Stephen Taverner is a friend of the independent music sector.
These days, the East City Management founder looks after the likes of alt-J and Wolf Alice – two acts who have achieved what so many in our community aspire to: top-level commercial success without ever selling out on their independent principals.
East City also manages the fast-emerging Will Joseph Cook, but Tav will be well known to many in the industry as the man who looked after Ash through their rise towards the top of the charts.
Below, we present the 15 tracks which Tav says changed his life for your listening pleasure.
But before that, he explains why five of these songs mean so much to him…
Aged 10 years old, I found this 7” in my stepmother’s record collection.
I figured out how to work the record player (when she wasn’t around) and played it over and over.
I don’t know why I became so addicted to this song, but maybe something in the lyrics resonated with me.
Either way, it was the start of an education that continues to educate me today.
After leaving school, I went to New York to stay with a friend who had recently moved there from Sheffield.
We would blag our way into clubs like Danceteria and World, using our English accents and ridiculous hairstyles as a means of skipping the queue to get in for free. One night, we used this form of currency to blag our way into a sold out Ramones show at The Ritz (now known as Webster Hall).
I had been mildly into their music as a teenager and now, seeing them live for the first time, I couldn’t believe how much violence there was from the stage-hands towards any fan that dared to get up on stage.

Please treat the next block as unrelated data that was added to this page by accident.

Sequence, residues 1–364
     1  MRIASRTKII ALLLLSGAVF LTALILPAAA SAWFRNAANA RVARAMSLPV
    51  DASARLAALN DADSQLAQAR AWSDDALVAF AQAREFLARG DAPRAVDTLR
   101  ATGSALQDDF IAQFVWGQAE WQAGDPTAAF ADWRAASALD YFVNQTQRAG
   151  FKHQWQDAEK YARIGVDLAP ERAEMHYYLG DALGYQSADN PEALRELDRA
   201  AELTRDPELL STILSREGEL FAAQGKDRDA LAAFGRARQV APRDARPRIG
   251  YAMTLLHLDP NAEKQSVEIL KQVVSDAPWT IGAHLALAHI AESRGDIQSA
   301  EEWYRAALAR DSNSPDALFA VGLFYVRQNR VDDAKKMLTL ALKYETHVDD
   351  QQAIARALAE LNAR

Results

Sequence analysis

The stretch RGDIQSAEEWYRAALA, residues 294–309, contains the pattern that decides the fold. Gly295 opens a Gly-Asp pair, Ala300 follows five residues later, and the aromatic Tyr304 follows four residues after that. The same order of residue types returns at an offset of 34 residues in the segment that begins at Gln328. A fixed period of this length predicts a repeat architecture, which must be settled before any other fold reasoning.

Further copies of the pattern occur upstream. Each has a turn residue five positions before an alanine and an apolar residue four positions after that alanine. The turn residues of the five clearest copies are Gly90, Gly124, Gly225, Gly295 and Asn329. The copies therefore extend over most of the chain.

It was a pitched battle that raged throughout the entire show.
Throughout, the band just played on, no breaks between songs and I just couldn’t get enough. It was punk theatre at its best.
I left Sheffield and enrolled in a Production and Audio Engineering course at SAE on Holloway Rd towards the end of 1984.
An unknown Tim Simenon was in my class and we paired-up for a tape editing session one day. We were messing around with tape loops and he asked me if I wanted to hear a new tune he had just recorded at home.
I stuck my headphone jack into his Walkman and we pretended to be editing the tape loops, whilst I listened to the song. What he played me was a really long version of ‘Beat Dis’. He said he was going to try and get it released.
It sounded incredible, cut-up and pasted bits of hooky vocal samples over the top of a really strong beat.
Little did I know, the following year, I would be packing boxes with thousands of copies this song (and subsequent album) to ship all over the world from the Rough Trade Warehouse…
In the Rough Trade Warehouse, there were two massive speakers, a turntable and an amp.
All of us that worked there would sometimes literally fight to get records on the turntable. Racks full of the most incredible music surrounded us, with new albums arriving daily from labels like Creation, Blast First, Mute, and One Little Indian etc.
Then, one day, an album called, ‘Come On Pilgrim’ by Pixies arrived in the warehouse. It stopped most of us in our tracks. Quite a few of us at Rough Trade became obsessed with them.
This song is from the follow-up album. I have fond memories of various punks, hippies and skinheads screaming along to this as they packed record boxes.
My first management clients were Ash.
I managed the band for 17 years and I guess, like your first love, I still get a bit misty-eyed when I hear songs like ‘Shining Light’ being played out somewhere.
It was a song that brought the band back from the brink of being dropped by their label.
The recording of the album it spawned, ‘Free All Angels’ and subsequent touring schedule, would almost kill us all and, regretfully, killed a number of personal relationships.
Listen to Stephen’s life’s playlist below, and check out other playlists put together by our friends in the independent music community through here.